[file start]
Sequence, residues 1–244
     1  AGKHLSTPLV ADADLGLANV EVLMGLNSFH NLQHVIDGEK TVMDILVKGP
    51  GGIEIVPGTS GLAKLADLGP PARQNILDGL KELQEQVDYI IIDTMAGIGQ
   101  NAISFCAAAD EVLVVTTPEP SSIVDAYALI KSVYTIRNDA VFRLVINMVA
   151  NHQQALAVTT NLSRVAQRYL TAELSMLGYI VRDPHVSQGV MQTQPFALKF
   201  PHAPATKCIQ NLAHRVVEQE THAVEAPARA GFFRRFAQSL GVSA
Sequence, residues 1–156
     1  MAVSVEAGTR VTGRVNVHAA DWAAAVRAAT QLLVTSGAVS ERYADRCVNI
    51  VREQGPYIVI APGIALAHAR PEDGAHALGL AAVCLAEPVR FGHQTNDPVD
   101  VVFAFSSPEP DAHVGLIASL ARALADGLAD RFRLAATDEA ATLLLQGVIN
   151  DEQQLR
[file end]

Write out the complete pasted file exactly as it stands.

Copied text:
Sequence, residues 1–244
     1  AGKHLSTPLV ADADLGLANV EVLMGLNSFH NLQHVIDGEK TVMDILVKGP
    51  GGIEIVPGTS GLAKLADLGP PARQNILDGL KELQEQVDYI IIDTMAGIGQ
   101  NAISFCAAAD EVLVVTTPEP SSIVDAYALI KSVYTIRNDA VFRLVINMVA
   151  NHQQALAVTT NLSRVAQRYL TAELSMLGYI VRDPHVSQGV MQTQPFALKF
   201  PHAPATKCIQ NLAHRVVEQE THAVEAPARA GFFRRFAQSL GVSA
Sequence, residues 1–156
     1  MAVSVEAGTR VTGRVNVHAA DWAAAVRAAT QLLVTSGAVS ERYADRCVNI
    51  VREQGPYIVI APGIALAHAR PEDGAHALGL AAVCLAEPVR FGHQTNDPVD
   101  VVFAFSSPEP DAHVGLIASL ARALADGLAD RFRLAATDEA ATLLLQGVIN
   151  DEQQLR